What he has written, and rewritten, is a compendious trip, historical and geographical, around the subject and provides a massive amount of material for us non-specialists to analyse. The tables and graphs are particularly comprehensive.
Ken Smith

Sad History (1988)

Book Review from the February 1988 issue of the Socialist Standard

The World Since 1945. T. E. Vadney (Penguin £4.95)

One day we shall be able to look back at books like this and the events they describe and wonder why people put up with capitalism for so long. For this history of wars and coups and massacres shows a society based on conflict and competition, where governments and ruling classes try to outmanoeuvre each other. Satisfying the needs of the earth's population is not one of capitalism's priorities.

Vadney focusses on political events, by which he means primarily the various aspects of great power rivalry, so that the lives of ordinary men and women rarely enter the narrative — except, of course, when they form cannon fodder for the rulers. Thus at least a million civilians were killed in South Vietnam between 1965 and 1974. In the period covered in the book, about 25 million people have been killed in war and other conflict in the Third World, to say nothing of the millions who have died in artificially-created famines.

Time and again Vadney shows how economic and strategic motives underlie political actions. The American Marshall Plan of 1947, for instance, was intended to boost the economies of the Western European states, with the ulterior aim of enabling them to afford American imports and to compete with the Russian-bloc countries. In 1954, the US staged a coup against the government of Guatemala, which was nationalising land much of which was owned by American companies. The truly global nature of capitalism is evident too: for example, the Jamaican economy in the 1970s was very much at the mercy of the global recession, in spite of the government's efforts to control things.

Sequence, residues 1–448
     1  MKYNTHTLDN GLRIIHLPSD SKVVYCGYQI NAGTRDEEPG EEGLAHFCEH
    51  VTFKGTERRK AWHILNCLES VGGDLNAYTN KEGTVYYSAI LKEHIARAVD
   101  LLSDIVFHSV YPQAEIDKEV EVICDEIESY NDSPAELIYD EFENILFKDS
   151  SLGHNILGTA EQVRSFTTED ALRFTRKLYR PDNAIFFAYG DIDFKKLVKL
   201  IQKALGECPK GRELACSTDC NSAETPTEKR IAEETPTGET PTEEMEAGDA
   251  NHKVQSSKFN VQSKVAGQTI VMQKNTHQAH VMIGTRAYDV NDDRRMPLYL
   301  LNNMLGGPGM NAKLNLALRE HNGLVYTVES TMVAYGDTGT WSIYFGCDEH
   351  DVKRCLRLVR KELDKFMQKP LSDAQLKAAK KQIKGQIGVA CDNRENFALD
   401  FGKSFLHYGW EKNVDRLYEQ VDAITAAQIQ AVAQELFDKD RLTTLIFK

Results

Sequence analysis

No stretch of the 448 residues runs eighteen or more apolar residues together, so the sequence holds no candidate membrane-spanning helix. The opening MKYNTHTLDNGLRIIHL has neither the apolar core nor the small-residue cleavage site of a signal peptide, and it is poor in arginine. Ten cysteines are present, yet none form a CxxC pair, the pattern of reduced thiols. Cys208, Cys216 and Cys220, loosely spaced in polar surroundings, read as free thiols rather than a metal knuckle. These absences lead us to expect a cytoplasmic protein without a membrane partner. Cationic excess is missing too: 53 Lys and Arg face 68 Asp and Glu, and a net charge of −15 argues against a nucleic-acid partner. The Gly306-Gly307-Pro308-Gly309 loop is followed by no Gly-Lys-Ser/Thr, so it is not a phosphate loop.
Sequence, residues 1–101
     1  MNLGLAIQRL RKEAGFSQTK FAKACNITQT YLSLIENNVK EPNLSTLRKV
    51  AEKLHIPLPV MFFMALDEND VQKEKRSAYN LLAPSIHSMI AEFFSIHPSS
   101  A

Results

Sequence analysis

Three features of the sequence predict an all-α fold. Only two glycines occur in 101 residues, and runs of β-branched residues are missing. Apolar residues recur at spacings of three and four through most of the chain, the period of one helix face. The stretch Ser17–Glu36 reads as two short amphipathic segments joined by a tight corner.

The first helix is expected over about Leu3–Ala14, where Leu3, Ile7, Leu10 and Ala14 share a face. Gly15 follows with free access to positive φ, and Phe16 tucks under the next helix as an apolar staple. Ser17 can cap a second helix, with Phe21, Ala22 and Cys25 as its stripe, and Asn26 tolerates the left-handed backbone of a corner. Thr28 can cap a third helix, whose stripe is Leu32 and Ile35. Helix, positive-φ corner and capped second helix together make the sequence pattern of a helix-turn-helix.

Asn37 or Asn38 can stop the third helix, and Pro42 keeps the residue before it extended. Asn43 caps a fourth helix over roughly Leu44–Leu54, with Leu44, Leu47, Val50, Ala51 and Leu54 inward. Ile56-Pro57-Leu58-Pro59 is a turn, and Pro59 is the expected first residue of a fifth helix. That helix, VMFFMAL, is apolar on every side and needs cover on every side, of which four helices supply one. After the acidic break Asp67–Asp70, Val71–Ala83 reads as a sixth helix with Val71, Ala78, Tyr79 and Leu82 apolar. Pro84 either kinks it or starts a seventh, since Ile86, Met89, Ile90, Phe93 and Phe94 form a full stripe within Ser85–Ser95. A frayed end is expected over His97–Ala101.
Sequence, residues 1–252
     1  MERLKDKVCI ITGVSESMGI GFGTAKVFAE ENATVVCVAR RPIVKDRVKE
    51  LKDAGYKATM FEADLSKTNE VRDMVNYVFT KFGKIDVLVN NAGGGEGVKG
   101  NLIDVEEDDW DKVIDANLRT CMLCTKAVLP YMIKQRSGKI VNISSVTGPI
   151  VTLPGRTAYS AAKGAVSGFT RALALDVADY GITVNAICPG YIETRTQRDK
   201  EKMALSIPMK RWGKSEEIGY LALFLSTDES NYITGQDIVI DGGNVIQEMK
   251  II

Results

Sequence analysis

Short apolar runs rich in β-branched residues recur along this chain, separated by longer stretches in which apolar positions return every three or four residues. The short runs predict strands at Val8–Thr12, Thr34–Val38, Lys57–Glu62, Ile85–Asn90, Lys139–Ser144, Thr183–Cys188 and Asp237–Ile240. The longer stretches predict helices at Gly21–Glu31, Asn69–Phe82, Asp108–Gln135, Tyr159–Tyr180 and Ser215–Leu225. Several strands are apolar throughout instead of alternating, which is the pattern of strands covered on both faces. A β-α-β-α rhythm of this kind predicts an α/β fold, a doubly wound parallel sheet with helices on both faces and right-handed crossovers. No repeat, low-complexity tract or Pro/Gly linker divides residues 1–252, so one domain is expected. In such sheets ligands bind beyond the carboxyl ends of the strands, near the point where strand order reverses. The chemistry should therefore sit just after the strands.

A couple of points which Vadney treats as if they were virtually obvious show how some things which socialists have been saying for years eventually become commonplace. Firstly. China after 1949 practised 'national capitalism' (read 'state capitalism'). Secondly, the countries of Eastern Europe have ruling classes with far greater power and material rewards than ordinary workers.

Rather than the author's pessimistic closing remarks that vested interests which benefit from the status quo will block any attempt to change and improve things, the appropriate conclusion to draw is that any social system whose history is to be told in these terms must be abolished as soon as possible.
Paul Bennett

Letters: More about “human nature” (1988)

Letters to the Editors from the February 1988 issue of the Socialist Standard

More about “human nature”

Dear Editors.

I was very interested to read in the December 1987 Standard, Richard Headicar's letter containing his criticism of an article appearing in the September issue of the Standard, with the title "Society Without Exchange", which I regard as being very fair comment. However. I must say that I find your reply to his criticism most unsatisfactory with regard to the question of the human nature-human behaviour syndrome.

It is, I think, as important for us to make separation, for the purpose of analysis, between these two terms, and to define exactly what we mean by both, as it is in the field of political economy to make a separation and a clear definition, between the terms labour and labour power. The terms human nature and human behaviour are not interchangeable terms because they mean and connote different things.